For example, it is possible that one of or both of the shield plates 103 and 104 are used two and at least one of two of the respective shield plates 103 and 140 is connected to the primary or secondary side. In this case, it is possible that two shield plates 103 and one shield plate 104 are used and one of two shield plates 103 near the primary side is connected thereto, while the shield plate 104 is connected to the secondary side.

It is also possible that more than two shield plates 131 can be used.

Further, in the case that the core 105 is connected to the primary side in the third example, it is possible that the shield plate 131 is disposed between the secondary winding 102 and the core 105 to achieve the electrostatic shielding therebetween.

Patent Citations
Cited PatentFiling datePublication dateApplicantTitle
US792248 *Oct 8, 1904Jun 13, 1905American Telephone & TelegraphInduction-coil.
US1786412 *Nov 20, 1929Dec 23, 1930American Telephone & TelegraphShielding arrangement
US1837245 *May 5, 1928Dec 22, 1931Western Electric CoInductance device
US3286153 *Oct 9, 1963Nov 15, 1966Hitachi LtdConverter system for eliminating common mode induction voltage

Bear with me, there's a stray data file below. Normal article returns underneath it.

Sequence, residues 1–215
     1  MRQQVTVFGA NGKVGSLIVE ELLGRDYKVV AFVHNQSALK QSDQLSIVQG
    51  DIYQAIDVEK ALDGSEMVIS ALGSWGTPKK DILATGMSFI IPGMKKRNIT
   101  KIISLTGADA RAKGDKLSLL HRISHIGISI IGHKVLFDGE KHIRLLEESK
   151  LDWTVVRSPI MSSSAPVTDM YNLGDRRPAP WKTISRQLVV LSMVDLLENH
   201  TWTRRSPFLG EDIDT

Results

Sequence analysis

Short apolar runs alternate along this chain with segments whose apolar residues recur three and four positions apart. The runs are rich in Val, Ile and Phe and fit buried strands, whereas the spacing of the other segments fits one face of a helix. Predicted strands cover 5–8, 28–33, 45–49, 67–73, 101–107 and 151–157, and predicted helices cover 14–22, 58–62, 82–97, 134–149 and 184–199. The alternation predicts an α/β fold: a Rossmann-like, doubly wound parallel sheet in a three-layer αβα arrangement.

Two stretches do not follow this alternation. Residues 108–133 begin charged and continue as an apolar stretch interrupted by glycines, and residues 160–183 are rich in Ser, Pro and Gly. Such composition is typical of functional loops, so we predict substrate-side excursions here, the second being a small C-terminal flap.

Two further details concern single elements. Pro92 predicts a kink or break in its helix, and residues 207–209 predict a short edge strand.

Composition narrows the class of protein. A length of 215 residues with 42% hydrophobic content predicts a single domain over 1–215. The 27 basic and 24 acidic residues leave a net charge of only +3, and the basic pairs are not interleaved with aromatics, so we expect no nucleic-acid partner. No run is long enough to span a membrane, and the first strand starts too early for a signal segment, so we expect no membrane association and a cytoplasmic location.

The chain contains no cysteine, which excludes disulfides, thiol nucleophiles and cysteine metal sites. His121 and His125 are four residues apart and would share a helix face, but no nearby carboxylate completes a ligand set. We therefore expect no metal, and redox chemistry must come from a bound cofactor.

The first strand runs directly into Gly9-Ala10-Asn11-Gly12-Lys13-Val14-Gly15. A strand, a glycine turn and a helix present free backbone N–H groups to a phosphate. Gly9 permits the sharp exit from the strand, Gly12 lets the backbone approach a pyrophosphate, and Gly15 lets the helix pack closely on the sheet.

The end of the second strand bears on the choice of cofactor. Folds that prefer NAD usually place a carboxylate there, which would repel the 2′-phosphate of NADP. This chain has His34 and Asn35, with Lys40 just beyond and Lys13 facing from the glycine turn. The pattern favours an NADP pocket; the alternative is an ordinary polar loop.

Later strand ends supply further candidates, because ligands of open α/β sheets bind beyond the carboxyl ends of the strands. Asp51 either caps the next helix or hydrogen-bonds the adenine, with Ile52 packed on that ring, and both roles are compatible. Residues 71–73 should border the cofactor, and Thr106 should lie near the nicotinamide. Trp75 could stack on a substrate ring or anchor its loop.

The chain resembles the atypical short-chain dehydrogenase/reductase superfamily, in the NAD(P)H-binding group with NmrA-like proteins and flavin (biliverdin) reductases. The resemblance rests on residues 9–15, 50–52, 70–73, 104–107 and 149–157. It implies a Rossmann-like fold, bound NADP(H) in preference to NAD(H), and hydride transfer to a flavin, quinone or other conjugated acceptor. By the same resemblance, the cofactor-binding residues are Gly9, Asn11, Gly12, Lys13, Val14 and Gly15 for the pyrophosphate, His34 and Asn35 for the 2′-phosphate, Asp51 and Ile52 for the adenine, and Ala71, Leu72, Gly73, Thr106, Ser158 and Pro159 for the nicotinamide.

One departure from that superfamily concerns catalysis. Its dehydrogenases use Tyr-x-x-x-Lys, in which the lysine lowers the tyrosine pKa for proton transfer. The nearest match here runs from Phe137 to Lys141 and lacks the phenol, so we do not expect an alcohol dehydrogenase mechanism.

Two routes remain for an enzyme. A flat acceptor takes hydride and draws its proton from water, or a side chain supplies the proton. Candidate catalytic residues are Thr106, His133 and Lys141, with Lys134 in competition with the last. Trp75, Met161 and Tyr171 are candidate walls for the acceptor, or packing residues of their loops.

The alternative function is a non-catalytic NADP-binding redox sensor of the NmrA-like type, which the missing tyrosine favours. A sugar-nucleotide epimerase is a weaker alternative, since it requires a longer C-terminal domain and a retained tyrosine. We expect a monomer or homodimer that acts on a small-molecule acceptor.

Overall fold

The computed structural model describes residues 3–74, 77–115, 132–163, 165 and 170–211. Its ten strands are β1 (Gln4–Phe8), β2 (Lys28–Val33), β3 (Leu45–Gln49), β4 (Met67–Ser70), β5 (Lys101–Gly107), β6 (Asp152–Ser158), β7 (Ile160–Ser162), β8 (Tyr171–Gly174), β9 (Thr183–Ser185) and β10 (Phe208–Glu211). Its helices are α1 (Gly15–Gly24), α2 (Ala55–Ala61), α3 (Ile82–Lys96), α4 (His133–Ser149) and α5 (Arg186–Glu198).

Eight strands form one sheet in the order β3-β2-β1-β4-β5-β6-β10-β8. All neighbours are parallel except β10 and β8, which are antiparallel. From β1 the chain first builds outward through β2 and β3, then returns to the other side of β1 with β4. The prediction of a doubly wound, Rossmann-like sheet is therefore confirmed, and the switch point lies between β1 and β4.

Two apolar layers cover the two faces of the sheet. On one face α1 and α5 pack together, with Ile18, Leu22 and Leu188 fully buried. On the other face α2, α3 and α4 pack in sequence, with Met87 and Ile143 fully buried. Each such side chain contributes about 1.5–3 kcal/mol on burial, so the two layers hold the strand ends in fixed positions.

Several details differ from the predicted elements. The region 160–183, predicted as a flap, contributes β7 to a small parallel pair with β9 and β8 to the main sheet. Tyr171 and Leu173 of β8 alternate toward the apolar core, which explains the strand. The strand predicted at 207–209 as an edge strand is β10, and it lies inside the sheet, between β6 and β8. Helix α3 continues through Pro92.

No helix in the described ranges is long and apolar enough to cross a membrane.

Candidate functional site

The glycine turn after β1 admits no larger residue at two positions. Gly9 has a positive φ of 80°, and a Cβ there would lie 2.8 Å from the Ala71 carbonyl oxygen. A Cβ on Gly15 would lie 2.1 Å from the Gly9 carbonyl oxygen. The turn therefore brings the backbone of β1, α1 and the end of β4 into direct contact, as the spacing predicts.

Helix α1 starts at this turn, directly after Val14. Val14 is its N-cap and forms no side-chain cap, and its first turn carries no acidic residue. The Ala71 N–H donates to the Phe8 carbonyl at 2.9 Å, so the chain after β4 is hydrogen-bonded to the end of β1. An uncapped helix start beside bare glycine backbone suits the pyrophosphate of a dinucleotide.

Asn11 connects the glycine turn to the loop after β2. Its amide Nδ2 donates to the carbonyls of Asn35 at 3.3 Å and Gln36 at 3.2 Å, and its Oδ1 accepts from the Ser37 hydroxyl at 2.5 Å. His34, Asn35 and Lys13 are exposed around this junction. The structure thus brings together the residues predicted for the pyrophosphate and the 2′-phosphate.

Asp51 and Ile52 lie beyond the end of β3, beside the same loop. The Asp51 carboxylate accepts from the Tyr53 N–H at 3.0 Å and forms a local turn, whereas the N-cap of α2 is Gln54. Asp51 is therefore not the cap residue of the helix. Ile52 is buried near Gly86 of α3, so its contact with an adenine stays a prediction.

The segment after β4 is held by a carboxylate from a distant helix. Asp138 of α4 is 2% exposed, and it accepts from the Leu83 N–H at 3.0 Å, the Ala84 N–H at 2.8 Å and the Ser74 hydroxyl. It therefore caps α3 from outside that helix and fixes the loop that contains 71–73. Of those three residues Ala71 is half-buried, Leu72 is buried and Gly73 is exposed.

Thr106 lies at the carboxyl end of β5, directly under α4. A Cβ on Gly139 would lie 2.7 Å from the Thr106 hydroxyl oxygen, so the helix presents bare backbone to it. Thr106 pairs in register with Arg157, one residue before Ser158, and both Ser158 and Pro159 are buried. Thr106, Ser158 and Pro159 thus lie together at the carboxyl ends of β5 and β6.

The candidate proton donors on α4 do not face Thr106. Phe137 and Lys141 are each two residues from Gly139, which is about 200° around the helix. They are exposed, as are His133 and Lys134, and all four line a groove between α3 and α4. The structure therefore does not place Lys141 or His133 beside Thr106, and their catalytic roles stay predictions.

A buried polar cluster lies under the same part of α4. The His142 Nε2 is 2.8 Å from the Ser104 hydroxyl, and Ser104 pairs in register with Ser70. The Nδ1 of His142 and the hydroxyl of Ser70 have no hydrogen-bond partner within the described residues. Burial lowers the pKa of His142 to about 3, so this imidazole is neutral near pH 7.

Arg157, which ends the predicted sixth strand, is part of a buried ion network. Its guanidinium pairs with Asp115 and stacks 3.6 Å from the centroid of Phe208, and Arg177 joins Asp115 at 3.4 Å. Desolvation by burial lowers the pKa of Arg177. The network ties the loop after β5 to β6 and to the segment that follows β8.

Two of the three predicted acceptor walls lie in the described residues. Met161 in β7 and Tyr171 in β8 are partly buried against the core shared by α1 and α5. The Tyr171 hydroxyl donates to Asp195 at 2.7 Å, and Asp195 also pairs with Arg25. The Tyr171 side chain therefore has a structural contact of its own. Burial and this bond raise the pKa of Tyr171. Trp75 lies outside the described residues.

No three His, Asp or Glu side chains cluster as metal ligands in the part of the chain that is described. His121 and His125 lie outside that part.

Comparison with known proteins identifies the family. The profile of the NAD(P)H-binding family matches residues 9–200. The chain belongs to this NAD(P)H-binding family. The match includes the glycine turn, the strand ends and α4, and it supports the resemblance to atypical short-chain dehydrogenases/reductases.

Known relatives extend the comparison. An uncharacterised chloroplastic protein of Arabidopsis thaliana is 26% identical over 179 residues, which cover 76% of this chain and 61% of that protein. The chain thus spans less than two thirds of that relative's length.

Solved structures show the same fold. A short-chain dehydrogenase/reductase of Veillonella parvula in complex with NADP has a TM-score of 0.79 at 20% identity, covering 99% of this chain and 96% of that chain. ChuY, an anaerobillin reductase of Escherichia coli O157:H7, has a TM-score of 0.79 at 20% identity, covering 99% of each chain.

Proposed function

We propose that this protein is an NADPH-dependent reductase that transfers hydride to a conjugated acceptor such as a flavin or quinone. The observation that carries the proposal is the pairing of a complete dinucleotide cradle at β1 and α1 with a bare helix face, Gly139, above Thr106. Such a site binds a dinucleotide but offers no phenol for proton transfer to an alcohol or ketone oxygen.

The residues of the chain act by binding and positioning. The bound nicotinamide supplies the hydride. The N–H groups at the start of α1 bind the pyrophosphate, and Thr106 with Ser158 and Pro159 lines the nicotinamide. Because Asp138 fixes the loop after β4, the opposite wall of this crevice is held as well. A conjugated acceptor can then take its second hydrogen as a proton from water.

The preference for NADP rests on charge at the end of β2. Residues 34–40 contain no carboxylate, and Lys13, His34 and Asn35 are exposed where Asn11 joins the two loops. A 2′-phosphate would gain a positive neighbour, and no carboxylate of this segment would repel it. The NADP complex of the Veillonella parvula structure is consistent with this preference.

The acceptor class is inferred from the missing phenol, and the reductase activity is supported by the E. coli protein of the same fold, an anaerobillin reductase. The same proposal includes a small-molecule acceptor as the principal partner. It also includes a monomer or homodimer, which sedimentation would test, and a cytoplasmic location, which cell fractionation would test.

US3465232 *Mar 20, 1967Sep 2, 1969Hellige & Co Gmbh FPower supply unit with shielded transformer
US3582754 *Feb 10, 1969Jun 1, 1971Wandel & GoltermannDirect-current converter with overload protection
US3840798 *Apr 30, 1973Oct 8, 1974Bland IPower supply devices
Referenced by
Citing PatentFiling datePublication dateApplicantTitle
US4199807 *Apr 24, 1978Apr 22, 1980Gould Advance LimitedRegulated power supply apparatus
US4484171 *Feb 18, 1983Nov 20, 1984Mcloughlin Robert CShielded transformer
US4507721 *Jul 21, 1983Mar 26, 1985Nippon Telegraph & Telephone Public CorporationDC-DC Converter for remote power feeding
US4866586 *Jun 13, 1988Sep 12, 1989Westinghouse Electric Corp.Shoot-through resistant DC/DC power converter
US4977301 *Oct 6, 1989Dec 11, 1990Matsushita Electric Industrial Co., Ltd.High-frequency heating apparatus using frequency-converter-type power supply
US5025489 *Jun 19, 1990Jun 18, 1991Matsushita Electric Industrial Co., Ltd.Transformer having shielding wall for driving a magnetron
US5093613 *Sep 1, 1988Mar 3, 1992U.S. Philips CorporationTransformer
US5107411 *Jul 2, 1990Apr 21, 1992U.S. Philips CorporationInterference free, pulse type transformer
US5150046 *May 17, 1991Sep 22, 1992Goldstar Electric Machinery Co.Noise-shielded transformer
US5216356 *Feb 14, 1992Jun 1, 1993Southwest Electric CompanyShielded three phase transformer with tertiary winding
US5322971 *Jan 29, 1993Jun 21, 1994Southwest Electric CompanyMotor control system and components thereof
US5449991 *Sep 20, 1993Sep 12, 1995Southwest Electric CompanyMotor control system and apparatus for providing desired three-phase voltage therein using a main transformer energized through an autotransformer
US5724236 *Mar 5, 1996Mar 3, 1998Motorola, Inc.Power converter transformer having an auxilliary winding and electrostatic shield to suppress noise